In Dark Sparkler’s epilogue, Tamblyn provides some insight into her process and research with email conversations, lists, facts and, most notably, a mock up of her search engine history. It chronicles what she calls her fall down the never-ending rabbit hole, and includes several pages of entries like, “Search: Iday Hawley died age 32, Search: Lillian Peacock died age 28. Search: Dorothy Stratten died age 20 + rape + crime of passion, Search: Donyale Luna died age 24.”
Though the vast majority of the book contains actresses who’ve passed, Dark Sparkler does include one “poem” about someone who’s still alive. Lindsay Lohan’s page is situated opposite of Marilyn Monroe’s page, because Tamblyn sees a lot of similarities between the two. But Monroe’s page holds lines of text, and Lohan’s page sits blank.
“While this is a book about actresses, it’s also a book about voyeurism and the business of voyeurism. So for me, it’s not an ominous message about Lindsay Lohan’s life as much as it’s me saying, ‘She’s still alive, and I’m not going to write the ending of her life in the way that other people do.’ I see it as a more positive piece.
“A lot of people were asking me about it and wanted me to say that it was a blank page saying, ‘Guess what, Lindsay? Your time’s coming soon.’ And that’s not the case at all in my mind.”
The blank space is less about Lohan and more about the reader. Tamblyn wants it to serve as a moment to think about preconceived notions and how the actress falls in the context of the rest of the book.
“It’s me reflecting back to [the reader] their feeling and what they’re projecting onto that page. …” Tamblyn says. “Considering all the other women that they just read about, all the other objectification and things of that nature, they might question what they feel when they look at that blank page.”
Even though the poems revolve around Hollywood actresses, the greater themes are relatable to all women. And it was Tamblyn’s friend and former costar America Ferrera who noticed that transcendence.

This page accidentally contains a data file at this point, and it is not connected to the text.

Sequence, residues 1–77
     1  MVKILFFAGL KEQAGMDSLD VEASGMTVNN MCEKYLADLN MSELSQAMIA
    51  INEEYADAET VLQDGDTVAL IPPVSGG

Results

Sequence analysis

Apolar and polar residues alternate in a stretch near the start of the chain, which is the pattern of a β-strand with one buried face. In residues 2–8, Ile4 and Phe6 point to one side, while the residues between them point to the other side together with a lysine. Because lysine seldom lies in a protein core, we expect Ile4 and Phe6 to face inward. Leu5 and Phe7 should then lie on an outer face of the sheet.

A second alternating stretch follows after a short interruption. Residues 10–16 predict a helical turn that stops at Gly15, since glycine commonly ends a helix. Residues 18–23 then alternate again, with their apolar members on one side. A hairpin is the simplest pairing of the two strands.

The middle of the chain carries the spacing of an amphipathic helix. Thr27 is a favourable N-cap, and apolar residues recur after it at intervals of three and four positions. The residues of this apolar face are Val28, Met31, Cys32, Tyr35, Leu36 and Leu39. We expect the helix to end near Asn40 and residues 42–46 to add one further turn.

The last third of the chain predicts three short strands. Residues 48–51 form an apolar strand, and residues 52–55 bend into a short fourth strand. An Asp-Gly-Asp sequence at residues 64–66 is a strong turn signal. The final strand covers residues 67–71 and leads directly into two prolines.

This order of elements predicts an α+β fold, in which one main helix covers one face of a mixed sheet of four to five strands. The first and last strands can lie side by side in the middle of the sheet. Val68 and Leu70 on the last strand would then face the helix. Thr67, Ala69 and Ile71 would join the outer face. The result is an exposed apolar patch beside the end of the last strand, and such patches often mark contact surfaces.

“She was interviewing me for something when the book first came out, and she was the first to point out to me that if you took the word actress out of the whole book and replaced it with woman, it would still apply. …” she says. “All those double standards apply to women in every industry. You don’t have be an actress to be told you have to look a certain way or you have to be a certain height or you have to dress a certain way at work. That’s something that women all understand. It’s a universal language understood by women.”
In the end she hopes readers take away a greater understanding of the women in her book. For women, she hopes they understand themselves better, and for men, that they gain a better understanding of the female experience. When Tamblyn set out to write the book, she says she wasn’t intending to write a feminist work. But she sees how it became one inadvertently and thinks that’s powerful in itself.
“I think that sometimes when feminism is at its most powerful is when it’s not set out to be a work or statement of feminism,” she says, “but it ends up being an action of feminism.”
On the Bill: Amber Tamblyn — Dark Sparkler. 7:30 p.m. Wednesday, March 9, Boulder Book Store, 1107 Pearl St., Boulder, 303-447-2074.